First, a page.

No Matter What

My first year of recovery was an amazing ride. For the first time in 25 years, I felt absolutely no urge to drink whatsoever. 

At that point in my life, it was an unfathomable achievement. I went from depressed, self-loathing and downright hopeless, to a motivated, inspired and spiritually fit version of myself. I couldn't explain the change then and I can't explain it now. The gratitude was oozing out of me like drool from the muzzle of a Bernese Mountain Dog.

My sponsor at the time kept telling me, “You’re seeing things with a new pair of glasses kid." 

You know you have a solid sponsor when he can sling metaphors at you with the velocity and accuracy of a Randy Johnson splitter.  My own personal paradigm was shifting, and I was happy to grab me a new set of tortoiseshell frames and run with it.

Some people refer to this type of feeling as riding a pink cloud. I'm not exactly sure what a pink cloud is but I'm thinking it has something to do with either cotton candy or some sort of obscure Dr. Seuss reference. Either way, for some reason it tracks. 

When I finally hit the one-year mark in my recovery, things changed. I learned very quickly that just because you put down the drink or the drug, life still happens and guess what? It doesn't give a turtle's turd about the one-year chip you carry around in your pocket.

My brand-new bifocals hit the pavement and out of nowhere, a rogue bike messenger shattered them to pieces like a hydraulic press crushing a Subaru. 

Suddenly the buyer’s remorse crept in, and it left me wondering.

How the hell am I going to not drink forever? What about hockey games with the boys? How will I fulfill my duties as toastmaster at my daughter's wedding and not sip that flute of Veuve Clicquot? 


I went from Let Go, Let God to God damn son-of-a bitch.

It's tough to live your life one day at a time when you can't stop projecting into the year 2070. Yes, that would make my daughter 68 years young. An optimal age for any daughter to tie the knot. YKIYK.

For a straight year I had been so caught up in receiving accolades from my peers, picking up coins and going to 12-step meetings, that I had not had the time to stop and think about what happens next.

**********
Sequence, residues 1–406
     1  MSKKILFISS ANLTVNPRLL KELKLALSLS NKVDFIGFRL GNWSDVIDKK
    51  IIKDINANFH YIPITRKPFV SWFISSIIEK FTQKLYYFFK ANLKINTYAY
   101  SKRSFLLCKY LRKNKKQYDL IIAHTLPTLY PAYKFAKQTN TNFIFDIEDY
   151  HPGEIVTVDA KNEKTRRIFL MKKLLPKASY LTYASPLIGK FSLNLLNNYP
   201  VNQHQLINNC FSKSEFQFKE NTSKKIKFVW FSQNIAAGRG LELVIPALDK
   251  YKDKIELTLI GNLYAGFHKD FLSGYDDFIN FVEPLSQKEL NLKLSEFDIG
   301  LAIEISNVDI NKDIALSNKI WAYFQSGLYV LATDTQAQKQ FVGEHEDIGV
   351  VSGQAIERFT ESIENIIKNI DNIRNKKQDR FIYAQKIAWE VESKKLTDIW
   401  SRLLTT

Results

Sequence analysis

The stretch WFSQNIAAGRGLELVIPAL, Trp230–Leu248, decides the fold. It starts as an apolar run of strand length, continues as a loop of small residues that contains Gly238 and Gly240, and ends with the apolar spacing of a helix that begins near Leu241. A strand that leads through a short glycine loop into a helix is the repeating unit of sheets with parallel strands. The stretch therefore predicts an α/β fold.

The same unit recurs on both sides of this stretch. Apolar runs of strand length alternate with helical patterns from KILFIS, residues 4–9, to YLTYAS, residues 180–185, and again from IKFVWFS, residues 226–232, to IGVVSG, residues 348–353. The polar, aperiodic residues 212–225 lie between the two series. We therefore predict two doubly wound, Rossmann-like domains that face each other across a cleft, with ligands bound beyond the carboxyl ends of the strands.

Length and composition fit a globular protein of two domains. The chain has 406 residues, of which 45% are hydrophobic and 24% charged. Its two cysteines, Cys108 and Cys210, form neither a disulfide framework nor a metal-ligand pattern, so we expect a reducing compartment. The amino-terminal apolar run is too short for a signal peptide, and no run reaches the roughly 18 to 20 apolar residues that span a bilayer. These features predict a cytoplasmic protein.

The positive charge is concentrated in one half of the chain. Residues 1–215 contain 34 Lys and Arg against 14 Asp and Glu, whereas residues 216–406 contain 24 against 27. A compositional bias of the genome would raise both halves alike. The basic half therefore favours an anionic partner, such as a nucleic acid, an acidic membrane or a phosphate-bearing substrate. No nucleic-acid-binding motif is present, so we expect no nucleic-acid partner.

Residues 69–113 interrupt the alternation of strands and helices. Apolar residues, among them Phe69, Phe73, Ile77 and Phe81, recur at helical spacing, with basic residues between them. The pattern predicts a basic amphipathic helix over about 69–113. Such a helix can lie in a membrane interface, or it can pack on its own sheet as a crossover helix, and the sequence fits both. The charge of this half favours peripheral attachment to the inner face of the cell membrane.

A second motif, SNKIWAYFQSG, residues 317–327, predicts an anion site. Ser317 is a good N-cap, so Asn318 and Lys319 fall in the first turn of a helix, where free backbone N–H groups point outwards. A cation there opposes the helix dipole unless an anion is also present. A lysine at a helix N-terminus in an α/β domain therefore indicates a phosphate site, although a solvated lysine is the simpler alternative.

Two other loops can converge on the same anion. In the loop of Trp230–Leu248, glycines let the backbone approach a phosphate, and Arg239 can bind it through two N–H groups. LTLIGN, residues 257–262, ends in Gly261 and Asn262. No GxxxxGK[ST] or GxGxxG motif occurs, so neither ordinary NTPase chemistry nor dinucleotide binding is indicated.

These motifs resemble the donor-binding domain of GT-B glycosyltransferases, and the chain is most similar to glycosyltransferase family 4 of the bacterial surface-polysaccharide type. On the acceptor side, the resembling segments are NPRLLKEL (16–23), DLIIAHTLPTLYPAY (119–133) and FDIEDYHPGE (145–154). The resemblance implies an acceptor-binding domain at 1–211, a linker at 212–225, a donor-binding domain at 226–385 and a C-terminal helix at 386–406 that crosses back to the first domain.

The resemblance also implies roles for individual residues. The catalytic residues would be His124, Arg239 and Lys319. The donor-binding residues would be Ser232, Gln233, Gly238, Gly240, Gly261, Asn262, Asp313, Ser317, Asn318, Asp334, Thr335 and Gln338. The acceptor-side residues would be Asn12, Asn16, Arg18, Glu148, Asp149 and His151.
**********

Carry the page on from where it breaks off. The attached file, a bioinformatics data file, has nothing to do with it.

I started to think that the pink cloud I had been riding so effortlessly, was slowly metamorphosing back into that black cloud I thought I had left behind.

Then something happened. I heard something that to this day might be the most profound words I have ever heard. 

I was at a 12-step meeting and about halfway through, a woman walked in, sat down and immediately raised her hand. In a soft spoken voice, she simply said... 

"My husband died last night and I'm not going to drink today."

Wait. Come again?

Those words woke me up like the world's loudest alarm clock. I'm not talking about some dinky chime from your iPhone. I'm talking about the Dream Machine circa 1983. The beige one with the red digital numbers and the am radio. The one that sounds like that fire alarm in an office building that makes you put your fingers in your ears.

Hearing something that powerful was more than just words. 

I felt it.

It changed me. Like Dr. Bruce Banner turning into the Hulk, I truly believe that what she said literally altered my DNA. 

Just like that, another paradigm shift but this time it was way different. There is no self-help book or Tony Robbins weekend retreat that could have had more of an impact on me than hearing that woman share. 


That's what I heard. No matter what.

All of a sudden, the what ifs and the but but buts became no matter what. No matter what happens. No matter what occasion. No matter how fucked up it gets.

I will not drink. No matter what. That's where I am today. More than 5,000 days later, her words still live in my head rent free.

No matter what.


Popular posts from this blog

Definition Of A Hug

My Sobriety Is Like David Blaine

Cry Baby, Cry